2) Stanford's volunteers: new small molecule therapeutic candidates are identified via high-throughput means and tested in vitro; findings are made available open-access

3) pharmacology/toxicity preclinical trial work is done before handoff to iOWH and DNDi. Achal”

 

I clarified the position on PZQ as follows.

 

“The situation with Praziquantel (drug for schisto) is that we need a cheaper way of synthesizing it. Help with this is the first project. The target is not known (though there are the usual suspects). Once we know the target then a whole bunch of stuff becomes do-able. What you mention below would be a knockout approach that I would love to do when we know the target.

 

In the meantime, if there is any interest in a distributed-student project in synthetic chemistry, let me know. The paper chem. is simple, and self-explanatory from the web page. The wet chem. projects would need a bit of description from me, but are pretty simple to do, in that the molecules involved are small and inexpensive (that's the point) and the interesting chemistry is confronted early in the route, so the students would actually do it, rather than spending their time making precursors/intermediates. Mat”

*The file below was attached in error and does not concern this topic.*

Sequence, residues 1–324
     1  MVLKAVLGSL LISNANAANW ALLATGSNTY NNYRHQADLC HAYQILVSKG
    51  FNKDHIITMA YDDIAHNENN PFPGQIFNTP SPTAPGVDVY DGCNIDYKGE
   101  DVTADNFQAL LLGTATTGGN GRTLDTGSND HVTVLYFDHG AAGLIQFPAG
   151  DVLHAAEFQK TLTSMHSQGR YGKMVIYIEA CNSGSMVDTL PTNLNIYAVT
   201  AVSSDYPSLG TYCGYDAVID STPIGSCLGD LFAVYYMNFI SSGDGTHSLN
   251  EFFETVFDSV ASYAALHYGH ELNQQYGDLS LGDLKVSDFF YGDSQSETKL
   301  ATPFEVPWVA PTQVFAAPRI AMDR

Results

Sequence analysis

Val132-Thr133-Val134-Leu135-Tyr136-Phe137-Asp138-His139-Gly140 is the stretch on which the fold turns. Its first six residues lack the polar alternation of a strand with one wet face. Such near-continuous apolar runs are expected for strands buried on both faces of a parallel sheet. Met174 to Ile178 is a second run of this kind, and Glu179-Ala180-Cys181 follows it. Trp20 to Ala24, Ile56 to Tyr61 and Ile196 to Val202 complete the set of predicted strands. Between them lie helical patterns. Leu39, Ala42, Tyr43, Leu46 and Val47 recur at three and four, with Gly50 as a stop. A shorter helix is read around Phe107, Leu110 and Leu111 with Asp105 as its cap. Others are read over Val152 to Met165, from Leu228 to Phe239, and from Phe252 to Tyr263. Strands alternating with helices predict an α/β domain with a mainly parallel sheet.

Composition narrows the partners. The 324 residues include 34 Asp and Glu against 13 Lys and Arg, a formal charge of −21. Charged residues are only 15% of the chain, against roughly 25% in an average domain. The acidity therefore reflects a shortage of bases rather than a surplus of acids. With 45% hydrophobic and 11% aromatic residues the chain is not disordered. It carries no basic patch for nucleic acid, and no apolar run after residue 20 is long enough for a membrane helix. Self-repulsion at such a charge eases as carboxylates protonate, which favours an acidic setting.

Now we're hoping we can develop something in this area, and would welcome any comments on likely ways to make this happen. If anyone else has methods of mobilizing volunteers in this way, please let us know.

 

Cheers,

 

Mat

 

Comments

jcbradley's picture

Mat, you mention that you have posted a synthetic route that you would like to see implemented - can you provide a link to that?  Although we are currently mainly focussing on anti-malarials at this point, I may have a few more students coming on board.  If you have some very specific reactions in mind we can consider contributing at http://usefulchem.wikispaces.com

It is great to see more people contributing resources under open science conditions!

Jean-Claude

MatTodd's picture

Hi Jean-Claude,

 It's here. This is one route we've only just started, and we're still evaluating catalysts. The key is the asymmetric step. We'll be able to offer more guidance once we've got stuck into the chemistry. But if you wanted to have a go, that would be excellent. The most important criterion is cost.

Cheers,

Mat